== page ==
Good morning honorable County Commissioners and Judge Anthony Cobos.
I speak as a board member of the Frontera Land Alliance and a frequent hiker in the Franklin Mountains. Frontera’s mission is to protect in perpetuity a network of lands in our region chosen for their natural and cultural values. I want to discuss briefly three reasons why I believe it is important to preserve Castner Range.
First, these majestic mountains are a deep part of the natural and cultural heritage of El Pasoans. I came to El Paso 7 years ago and fell in love with the rugged desert landscape. I did and still do find the Mountains of Castner Range breath-taking. There is a sense of wonder and mystery that I feel when I drive on Trans-mountain Road and look up at these ancient peaks. They are a part of what gives me pride in our city. If I ask other El Pasoans what they think of these mountains, their eyes light up as they talk.
Second, preserving Castner Range is an investment in El Paso’s future health and prosperity. I believe that, as in the words of the noted biologist and author, David Orr (1994), “climate stability, the resilience and productivity of natural systems, the beauty of the natural world, and biological diversity” are critical to the welfare of humankind. We take an important step in support of these elements in keeping Castner Range wild.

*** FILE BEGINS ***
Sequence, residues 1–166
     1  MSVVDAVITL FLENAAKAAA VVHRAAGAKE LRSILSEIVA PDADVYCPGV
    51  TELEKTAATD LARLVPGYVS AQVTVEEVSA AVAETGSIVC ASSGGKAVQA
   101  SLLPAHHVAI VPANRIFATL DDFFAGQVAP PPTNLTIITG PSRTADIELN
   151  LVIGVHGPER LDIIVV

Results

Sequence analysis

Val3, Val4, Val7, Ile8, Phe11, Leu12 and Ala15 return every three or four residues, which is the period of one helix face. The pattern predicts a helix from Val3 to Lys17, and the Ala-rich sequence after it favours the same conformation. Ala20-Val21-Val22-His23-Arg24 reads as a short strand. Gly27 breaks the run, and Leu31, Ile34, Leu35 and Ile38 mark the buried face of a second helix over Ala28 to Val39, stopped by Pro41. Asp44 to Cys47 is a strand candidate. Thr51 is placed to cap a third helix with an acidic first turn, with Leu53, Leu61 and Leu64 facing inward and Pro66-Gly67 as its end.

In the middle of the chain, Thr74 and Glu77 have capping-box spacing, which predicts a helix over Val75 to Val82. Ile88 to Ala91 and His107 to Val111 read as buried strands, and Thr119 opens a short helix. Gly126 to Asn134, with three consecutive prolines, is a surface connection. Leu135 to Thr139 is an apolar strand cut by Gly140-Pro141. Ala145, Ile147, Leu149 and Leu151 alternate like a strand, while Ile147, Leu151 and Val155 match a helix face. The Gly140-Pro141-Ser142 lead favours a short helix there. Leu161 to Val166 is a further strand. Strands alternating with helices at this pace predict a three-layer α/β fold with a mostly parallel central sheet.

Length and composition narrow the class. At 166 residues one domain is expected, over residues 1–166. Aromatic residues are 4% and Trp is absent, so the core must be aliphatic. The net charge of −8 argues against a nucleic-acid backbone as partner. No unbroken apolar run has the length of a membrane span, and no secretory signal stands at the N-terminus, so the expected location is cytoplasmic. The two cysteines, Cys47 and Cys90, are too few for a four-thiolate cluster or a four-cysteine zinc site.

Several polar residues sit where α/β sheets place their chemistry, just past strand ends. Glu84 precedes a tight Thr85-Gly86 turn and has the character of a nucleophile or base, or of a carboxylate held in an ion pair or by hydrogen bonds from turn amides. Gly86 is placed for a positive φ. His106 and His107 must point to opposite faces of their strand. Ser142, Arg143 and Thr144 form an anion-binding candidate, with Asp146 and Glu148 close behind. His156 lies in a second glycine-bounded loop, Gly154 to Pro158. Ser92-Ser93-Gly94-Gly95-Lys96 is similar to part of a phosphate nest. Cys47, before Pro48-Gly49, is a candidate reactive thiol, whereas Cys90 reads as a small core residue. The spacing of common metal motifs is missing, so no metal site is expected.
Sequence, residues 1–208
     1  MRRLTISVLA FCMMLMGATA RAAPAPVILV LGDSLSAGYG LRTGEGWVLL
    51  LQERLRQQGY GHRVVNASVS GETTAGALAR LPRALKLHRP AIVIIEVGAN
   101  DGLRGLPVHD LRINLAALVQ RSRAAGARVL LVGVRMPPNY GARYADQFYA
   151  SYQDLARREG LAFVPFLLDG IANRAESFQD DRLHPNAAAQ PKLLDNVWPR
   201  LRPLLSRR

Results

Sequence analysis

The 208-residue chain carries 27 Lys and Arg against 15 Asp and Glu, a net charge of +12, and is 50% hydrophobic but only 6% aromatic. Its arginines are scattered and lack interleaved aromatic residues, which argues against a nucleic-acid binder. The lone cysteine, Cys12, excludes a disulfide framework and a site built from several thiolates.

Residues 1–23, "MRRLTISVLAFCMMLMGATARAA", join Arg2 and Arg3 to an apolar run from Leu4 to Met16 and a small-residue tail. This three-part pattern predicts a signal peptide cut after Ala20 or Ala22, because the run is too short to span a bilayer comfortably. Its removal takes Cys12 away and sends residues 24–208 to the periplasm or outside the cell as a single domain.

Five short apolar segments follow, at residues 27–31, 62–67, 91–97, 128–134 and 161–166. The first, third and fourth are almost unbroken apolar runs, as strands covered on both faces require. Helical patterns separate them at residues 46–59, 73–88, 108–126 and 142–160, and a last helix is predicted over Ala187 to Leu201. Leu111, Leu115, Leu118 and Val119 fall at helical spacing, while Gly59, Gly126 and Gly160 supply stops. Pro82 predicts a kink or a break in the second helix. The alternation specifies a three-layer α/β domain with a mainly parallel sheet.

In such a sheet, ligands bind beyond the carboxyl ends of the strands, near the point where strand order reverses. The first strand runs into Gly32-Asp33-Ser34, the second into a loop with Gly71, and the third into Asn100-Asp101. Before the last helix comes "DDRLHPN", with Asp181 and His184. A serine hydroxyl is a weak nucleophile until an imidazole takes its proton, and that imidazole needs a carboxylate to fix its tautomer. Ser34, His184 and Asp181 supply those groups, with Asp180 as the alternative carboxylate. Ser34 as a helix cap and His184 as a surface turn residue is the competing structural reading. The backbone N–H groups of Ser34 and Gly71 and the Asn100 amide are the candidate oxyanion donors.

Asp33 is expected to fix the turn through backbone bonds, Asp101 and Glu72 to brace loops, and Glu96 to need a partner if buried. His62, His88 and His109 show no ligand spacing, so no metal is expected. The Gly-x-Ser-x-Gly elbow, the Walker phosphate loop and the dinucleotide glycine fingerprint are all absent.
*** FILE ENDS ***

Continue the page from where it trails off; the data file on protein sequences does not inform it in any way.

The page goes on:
Lastly, we demonstrate our values and priorities as a city when we choose to preserve a part of the landscape that is such a treasure. Visitors to our city and potential new residents take note of this and sense a deep commitment to meet the human need for something beyond growth and development, elements that are important, but something more that I call the need to see and experience wilderness. The human spirit yearns to see the natural world. This is what preserving Castner Range is about. Great thanks to Commissioner Dan Haggerty for his proposal to preserve Castner Range.
The $300,000 appropriated for preservation must be obligated by the end of the fiscal year (September 30, 2010) or it expires.
The current hold-up is the lack of certainty about the status of
. Is Castner Range excess, surplus or other status? The conservation conveyance law says that “surplus” land may be transferred. When the Army does not need land, the first step is to declare it “excess” to the needs of the Army. At that time, other Federal agencies that are interested have an option on the land. If no Federal agencies are interested, then the land is declared “surplus” to Federal needs and State and Local entities have an option to the land. At that time, the land would go to General Services Administration (GSA) for disposal. Castner Range
Although it has been declared "excess" (see document), that status may have expired. If so, it may be necessary to start over to declare Castner as excess.